- If you’re riding during the winter, bring a book/good conversation, as it gets dark early!
- The museum in Fort Stanton shows a short video on the area’s history, which really helps infuse a sense of context to our journey.
- Ruidoso lies at just under 7,000 ft (just over 2,000m), so it’s likely out of town visitors will notice the altitude. Bear this in mind when riding, and drink lots of water.
- Vehicle parking at the Smokey the Bear Ranger District – 901 Mechem Dr, Ruidoso, NM 88345, is great. Just inform the staff of your plan and park in the smaller northwest lot.
- We used the free black and white Forest Service map, the Lincoln National Forest map, and Gaia GPS’s topo mapping.
- We camped in National Forest while we were in the area.
- Ruidoso and Capitan have a range of accommodation.
- We encountered plenty of water along the way, including at various water tanks, Fort Stanton museum (and at the Horse Trails Parking Lot on 220), and Capitan.
- Hang your food at night as there are black bears in the area.
- No need to carry much food as Capitan makes a good midway supply point, with a grocery store, a dollar store, and burritos at the gas station.
- Bear in mind we were riding early in the year, at the beginning of February, so temperatures were cool. Travel later in the year and you may need to load up on liquids.
- Food options abound in Ruidoso – whatever you do, don’t miss Porky’s Mexican Restaurant. Incredible!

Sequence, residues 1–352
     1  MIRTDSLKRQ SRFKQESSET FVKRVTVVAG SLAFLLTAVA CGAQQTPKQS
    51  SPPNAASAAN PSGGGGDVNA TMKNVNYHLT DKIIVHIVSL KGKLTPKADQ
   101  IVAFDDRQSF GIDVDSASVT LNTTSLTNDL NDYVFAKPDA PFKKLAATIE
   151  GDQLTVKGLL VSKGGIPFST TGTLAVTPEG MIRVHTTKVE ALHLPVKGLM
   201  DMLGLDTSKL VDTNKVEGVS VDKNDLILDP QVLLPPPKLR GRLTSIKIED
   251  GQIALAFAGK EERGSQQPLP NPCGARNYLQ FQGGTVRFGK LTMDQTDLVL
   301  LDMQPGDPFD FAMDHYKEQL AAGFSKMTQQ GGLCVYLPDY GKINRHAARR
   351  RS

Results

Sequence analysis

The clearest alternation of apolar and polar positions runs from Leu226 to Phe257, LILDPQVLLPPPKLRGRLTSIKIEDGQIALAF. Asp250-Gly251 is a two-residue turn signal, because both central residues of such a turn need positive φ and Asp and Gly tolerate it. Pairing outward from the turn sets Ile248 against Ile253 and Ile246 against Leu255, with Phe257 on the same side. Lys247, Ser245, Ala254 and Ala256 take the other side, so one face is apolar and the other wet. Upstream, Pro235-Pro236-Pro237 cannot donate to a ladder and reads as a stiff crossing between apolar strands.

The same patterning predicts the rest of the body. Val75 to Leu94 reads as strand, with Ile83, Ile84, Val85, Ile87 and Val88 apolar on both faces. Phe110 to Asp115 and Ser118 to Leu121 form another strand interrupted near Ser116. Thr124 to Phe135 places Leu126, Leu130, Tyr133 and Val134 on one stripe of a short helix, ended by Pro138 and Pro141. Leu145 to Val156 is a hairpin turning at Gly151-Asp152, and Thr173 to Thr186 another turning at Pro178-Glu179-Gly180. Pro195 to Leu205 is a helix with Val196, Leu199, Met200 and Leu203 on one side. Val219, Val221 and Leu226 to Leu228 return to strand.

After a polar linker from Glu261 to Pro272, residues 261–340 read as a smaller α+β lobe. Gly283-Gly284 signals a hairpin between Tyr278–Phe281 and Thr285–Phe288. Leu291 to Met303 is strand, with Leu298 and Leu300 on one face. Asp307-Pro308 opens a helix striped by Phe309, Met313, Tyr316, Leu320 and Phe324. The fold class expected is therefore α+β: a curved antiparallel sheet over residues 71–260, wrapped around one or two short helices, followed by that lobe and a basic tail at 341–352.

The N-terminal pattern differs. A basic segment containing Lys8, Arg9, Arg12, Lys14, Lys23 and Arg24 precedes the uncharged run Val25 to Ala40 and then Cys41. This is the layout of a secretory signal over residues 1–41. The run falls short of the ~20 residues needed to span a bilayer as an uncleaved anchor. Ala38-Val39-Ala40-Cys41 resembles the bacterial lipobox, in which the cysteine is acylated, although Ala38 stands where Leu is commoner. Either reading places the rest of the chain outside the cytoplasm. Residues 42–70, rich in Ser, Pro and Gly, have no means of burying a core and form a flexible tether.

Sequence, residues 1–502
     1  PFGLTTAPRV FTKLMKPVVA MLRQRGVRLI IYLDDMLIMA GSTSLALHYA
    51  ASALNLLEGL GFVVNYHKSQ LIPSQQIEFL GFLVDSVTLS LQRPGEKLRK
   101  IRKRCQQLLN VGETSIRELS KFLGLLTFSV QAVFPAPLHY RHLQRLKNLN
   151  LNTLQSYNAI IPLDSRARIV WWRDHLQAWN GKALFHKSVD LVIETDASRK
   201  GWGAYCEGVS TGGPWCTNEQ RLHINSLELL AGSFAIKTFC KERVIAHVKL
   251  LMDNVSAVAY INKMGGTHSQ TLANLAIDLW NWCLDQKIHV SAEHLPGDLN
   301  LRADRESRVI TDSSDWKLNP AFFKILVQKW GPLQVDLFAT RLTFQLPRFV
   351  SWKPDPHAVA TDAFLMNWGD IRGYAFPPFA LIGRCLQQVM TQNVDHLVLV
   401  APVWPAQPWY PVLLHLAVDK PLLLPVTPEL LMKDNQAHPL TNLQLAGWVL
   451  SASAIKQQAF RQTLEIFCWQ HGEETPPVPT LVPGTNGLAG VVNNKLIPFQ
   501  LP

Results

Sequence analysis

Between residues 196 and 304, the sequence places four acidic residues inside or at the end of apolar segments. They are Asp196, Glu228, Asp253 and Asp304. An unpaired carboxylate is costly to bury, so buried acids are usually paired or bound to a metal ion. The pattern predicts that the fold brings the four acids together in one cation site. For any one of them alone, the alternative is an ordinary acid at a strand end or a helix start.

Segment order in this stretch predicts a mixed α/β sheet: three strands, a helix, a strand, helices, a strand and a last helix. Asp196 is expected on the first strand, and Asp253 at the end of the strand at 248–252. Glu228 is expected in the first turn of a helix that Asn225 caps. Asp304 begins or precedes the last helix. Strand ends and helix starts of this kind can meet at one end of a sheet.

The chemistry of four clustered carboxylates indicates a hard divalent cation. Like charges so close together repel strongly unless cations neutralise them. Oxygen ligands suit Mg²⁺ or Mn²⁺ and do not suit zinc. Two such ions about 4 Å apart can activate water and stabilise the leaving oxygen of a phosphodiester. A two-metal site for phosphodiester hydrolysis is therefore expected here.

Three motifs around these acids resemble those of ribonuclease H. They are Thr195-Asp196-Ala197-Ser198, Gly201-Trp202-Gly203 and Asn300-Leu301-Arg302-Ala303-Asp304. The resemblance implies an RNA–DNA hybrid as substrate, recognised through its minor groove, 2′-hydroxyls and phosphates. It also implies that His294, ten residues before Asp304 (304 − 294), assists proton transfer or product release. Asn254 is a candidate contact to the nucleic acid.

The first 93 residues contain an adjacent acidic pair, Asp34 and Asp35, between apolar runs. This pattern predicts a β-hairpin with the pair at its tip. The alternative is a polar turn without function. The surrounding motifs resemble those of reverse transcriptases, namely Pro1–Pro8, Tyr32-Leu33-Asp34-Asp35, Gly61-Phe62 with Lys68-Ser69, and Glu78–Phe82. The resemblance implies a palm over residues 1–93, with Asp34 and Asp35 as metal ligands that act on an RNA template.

- Had we made it to White Oaks, we’d undoubtedly have frequented the No Scum Allowed Saloon…
We rode out of Ruidoso on 70, turning off onto FR 443 and 558, crossing the highway at Glencoe to ride up Diablo Canyon (E7). Briefly skirting round some of Fort Stanton’s singletrack network, we then detoured into Fort Stanton itself to avoid the galeforce winds gusting that day, before crossing over onto FR338A, C1, and taking FR142 back to pavement at Capitan. Then, we cut back towards Nogal (FR105), turning off to climb Nogal Canyon (FR400), and returning to Ruidoso via Alto on the 48.
- With more time, we’d have loved to have made it further north to the settlement of White Oaks, home to the characterful No Scum Allowed Saloon, as well as exploring the northern side of the Capitan Wilderness. The towns of Carrizoso and Lincoln would doubtlessly be cool places to visit, too.
- On this occasion, we were keeping to dirt roads rather than searching out singletrack. Recommended trails within a mile from Ruidoso include the Grindstone Lake and Cedar Creek trails. The Fort Stanton area has also been developed, and would make a great pit stop on a bikepacking route. The best trails at the fort are considered to be the 12 Hours in the Wild West Loop: Kit Carson, Capitan Overlook, Buffalo Solider, and Outlaw trails.
- Did you know… The one-street settlement of Capitan is home to Smokey Bear, the mascot of the National Forest, named after a black bear cub that was rescued from a fire in the Capitan Gap.